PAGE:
If you question the average American about the Israeli-Palestinian conflict, they would likely side with Israel. And why not, American media propagates a singular narrative that Israel’s illegal acquisition of Palestinian land is subject to question.
But as Mahatma Gandhi once noted, “Palestine belongs to the Arabs in the same sense that England belongs to the English or France to the French…What is going on in Palestine today cannot be justified by any moral code of conduct…If they [the Jews] must look to the Palestine of geography as their national home, it is wrong to enter it under the shadow of the British gun.”
There are various colonial implications that are forgotten, allowing for the U.S. government to base their decisions off of religious and economic loyalty to Israel rather than a just solution for the age-old conflict.
As Western media attempts to ignore the history of Israel versus Palestine, it also discounts the horrific daily occurrences in Gaza and West Bank.
According to a recent article from Al Jazeera, over 265 Palestinians have been killed by the Israeli military in 2015, yet Israeli officials only account for less than 50 deaths of Israeli civilians by Palestinian attack.
This is not to say that one life is more valuable than the other or that the numbers prove that “Free Palestine” is a more just cause than fighting for the violence to cease on both ends.
However, it proves that accounts of the conflict are one sided, offering little to no Palestinian perspectives. When Palestinian accounts are released, their voices are silenced, frequently viewed as biased and problematic while Israeli accounts are taken at face value.
It’s the same concept that bars minorities from speaking up in America. Black people and Latinos can’t possibly offer impartial dialogue on racism and police violence, right? Only certain individuals can critique the system.
Similarly, it’s as if it’s blasphemous to critique the Israeli government without being deemed anti-Semitic. Because of this, the United States government favors any and all policy that is respectful of our ally, Israel.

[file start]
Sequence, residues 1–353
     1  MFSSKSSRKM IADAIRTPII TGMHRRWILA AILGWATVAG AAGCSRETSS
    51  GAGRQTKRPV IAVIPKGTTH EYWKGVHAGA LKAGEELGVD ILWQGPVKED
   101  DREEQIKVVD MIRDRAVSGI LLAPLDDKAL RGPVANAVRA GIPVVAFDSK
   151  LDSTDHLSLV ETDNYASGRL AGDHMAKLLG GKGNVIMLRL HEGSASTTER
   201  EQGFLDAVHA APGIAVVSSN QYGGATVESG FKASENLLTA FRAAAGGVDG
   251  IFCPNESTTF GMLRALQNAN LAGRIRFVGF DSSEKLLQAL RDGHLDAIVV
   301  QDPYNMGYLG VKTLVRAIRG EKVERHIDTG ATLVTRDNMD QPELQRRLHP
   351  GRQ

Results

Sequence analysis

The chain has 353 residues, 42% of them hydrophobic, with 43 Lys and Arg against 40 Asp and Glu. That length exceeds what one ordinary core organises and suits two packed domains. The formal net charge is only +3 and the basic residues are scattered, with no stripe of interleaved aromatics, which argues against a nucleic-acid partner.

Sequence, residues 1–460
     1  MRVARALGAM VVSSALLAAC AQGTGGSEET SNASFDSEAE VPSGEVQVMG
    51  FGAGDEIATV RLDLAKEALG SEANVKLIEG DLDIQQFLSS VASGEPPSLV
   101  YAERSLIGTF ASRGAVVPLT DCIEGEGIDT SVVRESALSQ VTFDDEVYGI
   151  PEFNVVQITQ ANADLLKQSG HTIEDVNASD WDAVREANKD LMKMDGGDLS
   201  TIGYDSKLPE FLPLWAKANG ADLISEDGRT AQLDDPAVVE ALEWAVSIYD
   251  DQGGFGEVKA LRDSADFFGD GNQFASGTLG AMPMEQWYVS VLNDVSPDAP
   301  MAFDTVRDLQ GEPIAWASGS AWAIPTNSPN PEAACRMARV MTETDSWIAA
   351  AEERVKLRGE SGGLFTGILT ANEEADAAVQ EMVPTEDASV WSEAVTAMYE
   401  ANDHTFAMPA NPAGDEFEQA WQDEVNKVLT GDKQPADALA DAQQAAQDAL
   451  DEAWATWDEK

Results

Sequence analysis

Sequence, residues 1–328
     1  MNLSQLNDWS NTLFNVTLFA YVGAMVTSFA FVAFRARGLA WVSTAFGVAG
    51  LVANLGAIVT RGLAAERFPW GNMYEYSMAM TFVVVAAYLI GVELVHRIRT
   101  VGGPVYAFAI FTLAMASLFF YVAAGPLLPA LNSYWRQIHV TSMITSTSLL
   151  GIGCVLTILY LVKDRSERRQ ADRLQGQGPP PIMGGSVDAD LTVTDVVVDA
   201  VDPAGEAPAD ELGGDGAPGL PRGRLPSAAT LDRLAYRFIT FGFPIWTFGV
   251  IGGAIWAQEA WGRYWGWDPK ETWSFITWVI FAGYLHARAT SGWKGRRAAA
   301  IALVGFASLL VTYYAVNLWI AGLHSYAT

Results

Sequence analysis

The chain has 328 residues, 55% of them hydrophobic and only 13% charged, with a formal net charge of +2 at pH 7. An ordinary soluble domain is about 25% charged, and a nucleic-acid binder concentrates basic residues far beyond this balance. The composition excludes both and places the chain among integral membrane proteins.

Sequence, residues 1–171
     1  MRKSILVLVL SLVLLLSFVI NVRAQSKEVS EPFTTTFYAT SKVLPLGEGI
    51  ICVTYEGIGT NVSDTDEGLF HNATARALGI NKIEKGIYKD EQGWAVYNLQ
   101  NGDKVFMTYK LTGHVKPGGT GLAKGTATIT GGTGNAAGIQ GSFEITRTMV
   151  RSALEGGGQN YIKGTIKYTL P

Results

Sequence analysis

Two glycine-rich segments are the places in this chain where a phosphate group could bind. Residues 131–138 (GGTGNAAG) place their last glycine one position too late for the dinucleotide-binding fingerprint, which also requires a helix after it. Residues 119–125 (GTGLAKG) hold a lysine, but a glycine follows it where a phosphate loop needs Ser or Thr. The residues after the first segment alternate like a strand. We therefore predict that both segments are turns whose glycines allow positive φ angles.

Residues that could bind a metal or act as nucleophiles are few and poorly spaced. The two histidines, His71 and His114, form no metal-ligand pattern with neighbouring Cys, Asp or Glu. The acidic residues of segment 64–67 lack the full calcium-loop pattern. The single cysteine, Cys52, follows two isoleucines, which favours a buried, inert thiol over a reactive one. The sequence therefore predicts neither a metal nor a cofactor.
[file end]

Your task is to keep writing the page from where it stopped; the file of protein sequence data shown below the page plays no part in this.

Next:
There is little to no criticism of Israeli Prime Minister Benjamin Netanyahu’s actions even though, as one Muslim-Palestinian described it, “weed is finally legal in Israel but Palestinians aren’t.”
So where do we go from here? When President Trump met with PM Netanyahu in mid February, the proposed solution was rather simple; the U.S. favors a one or two-state formula that would ease tensions. In fact, the President literally said that he “likes the one that both parties like.”
To some, this laissez faire response has caused discomfort and confusion. U.S. ambassador to the United Nations, Nikki Haley, was very clear that the U.S. favors a two-state solution, indefinitely. Yet, in late December, former Secretary of State John Kerry adamantly defended a one-state solution.
There is only one way to adequately benefit both Palestine and Israel. In “The Israel Lobby and U.S. Foreign Policy,” scholars John J. Mearsheimer and Stephen M. Walt prescribe, “using American power to achieve a just peace between Israel and the Palestinians [in order to] help advance the broader goals of fighting extremism and promoting democracy in the Middle East.”
True “peace” stems from acknowledging the autonomy of Palestine and critiquing the undemocratic actions of both Israel and the United States.
Going forward, the American government must reconsider its national interests and broader intentions when advocating for an end to the conflict. If American foreign policy continues to favor one side over the other, will there ever be an end to the Israeli-Palestinian conflict?